An interesting situation has begun to develop following concurrent articles from the New York Times and Washington Post about an FBI informant that allegedly met with Trump advisors.

The media response has been fractured with several different narratives being told.

With so many different accusations being thrown around, it can be difficult to cut through the bias and find the truth, so let’s dive in and see what the press is saying.

Prior to the Articles Being Published

The Intercept (Center) in their great analysis describe the situation prior to the NYT and WaPo articles:

Over the past several weeks, House Republicans have been claiming that the FBI during the 2016 election used an operative to spy on the Trump campaign, and they triggered outrage within the FBI by trying to learn his identity. […]

In response, the DOJ and the FBI’s various media spokespeople did not deny the core accusation, but quibbled with the language (the FBI used an “informant,” not a “spy”), and then began using increasingly strident language to warn that exposing his name would jeopardize his life and those of others, and also put American national security at grave risk. […]

What is so controversial about all of this?

The controversial aspects of the case center around a a few key points:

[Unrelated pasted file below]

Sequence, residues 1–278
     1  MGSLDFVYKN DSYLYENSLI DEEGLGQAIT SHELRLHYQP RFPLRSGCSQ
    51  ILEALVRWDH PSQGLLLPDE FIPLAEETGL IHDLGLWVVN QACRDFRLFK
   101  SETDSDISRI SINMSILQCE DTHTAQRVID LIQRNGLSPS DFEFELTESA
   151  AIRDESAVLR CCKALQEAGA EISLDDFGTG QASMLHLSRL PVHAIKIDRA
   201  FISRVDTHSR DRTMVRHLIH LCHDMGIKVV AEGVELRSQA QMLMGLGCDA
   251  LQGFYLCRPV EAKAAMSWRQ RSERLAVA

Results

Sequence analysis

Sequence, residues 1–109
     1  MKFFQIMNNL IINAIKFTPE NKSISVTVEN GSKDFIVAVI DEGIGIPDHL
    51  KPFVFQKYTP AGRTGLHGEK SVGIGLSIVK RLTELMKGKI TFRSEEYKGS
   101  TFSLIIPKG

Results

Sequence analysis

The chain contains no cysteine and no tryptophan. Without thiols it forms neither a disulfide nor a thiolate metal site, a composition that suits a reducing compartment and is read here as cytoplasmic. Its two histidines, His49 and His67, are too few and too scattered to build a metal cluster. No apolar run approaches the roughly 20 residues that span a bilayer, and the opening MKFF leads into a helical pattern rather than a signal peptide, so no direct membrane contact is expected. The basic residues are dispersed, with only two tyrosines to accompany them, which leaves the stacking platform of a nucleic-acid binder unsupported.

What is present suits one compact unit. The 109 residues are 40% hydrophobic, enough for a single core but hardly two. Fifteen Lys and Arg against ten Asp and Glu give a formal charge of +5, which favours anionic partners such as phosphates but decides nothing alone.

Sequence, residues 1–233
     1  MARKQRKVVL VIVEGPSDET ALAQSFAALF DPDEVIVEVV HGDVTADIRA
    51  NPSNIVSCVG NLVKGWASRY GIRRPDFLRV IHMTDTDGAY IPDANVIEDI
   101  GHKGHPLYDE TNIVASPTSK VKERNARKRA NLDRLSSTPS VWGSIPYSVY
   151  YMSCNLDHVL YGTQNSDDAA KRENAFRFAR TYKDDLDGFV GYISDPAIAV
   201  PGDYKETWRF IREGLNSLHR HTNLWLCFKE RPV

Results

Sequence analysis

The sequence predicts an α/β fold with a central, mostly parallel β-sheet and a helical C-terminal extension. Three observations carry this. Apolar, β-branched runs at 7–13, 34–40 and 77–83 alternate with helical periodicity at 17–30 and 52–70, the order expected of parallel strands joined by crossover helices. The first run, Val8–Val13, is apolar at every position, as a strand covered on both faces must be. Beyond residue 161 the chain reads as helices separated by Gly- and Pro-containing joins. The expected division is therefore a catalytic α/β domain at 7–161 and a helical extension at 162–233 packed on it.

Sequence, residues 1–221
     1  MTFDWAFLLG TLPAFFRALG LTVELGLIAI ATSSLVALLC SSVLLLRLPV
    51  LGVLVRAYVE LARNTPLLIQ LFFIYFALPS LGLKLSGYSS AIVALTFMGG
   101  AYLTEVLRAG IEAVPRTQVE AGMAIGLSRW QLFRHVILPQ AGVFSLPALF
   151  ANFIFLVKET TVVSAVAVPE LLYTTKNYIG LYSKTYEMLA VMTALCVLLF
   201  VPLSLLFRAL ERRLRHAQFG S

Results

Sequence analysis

1. Is there culpability in revealing the FBI informant? The FBI and DOJ have been refusing to name the informant, insisting that doing so would endanger lives. Several accusations are being thrown around regarding the culpability of revealing his identity.
  2. Were the FBI informant’s interactions with Trump advisors aboveboard, or were they somehow politically motivated? The FBI informant appears to have been contacting Trump advisors prior to the date established by the NYT and FBI as the start of the investigation. This would seem to contradict their earlier statements about why the investigation was started, and raise more questions about the motivations behind the investigation.

What the NYT and WaPo Articles Said

The NYT and WaPo articles both state an unnamed FBI informant made contact with several Trump advisors during his campaign. Halper allegedly met with several Trump advisors, including George Papadopoulos.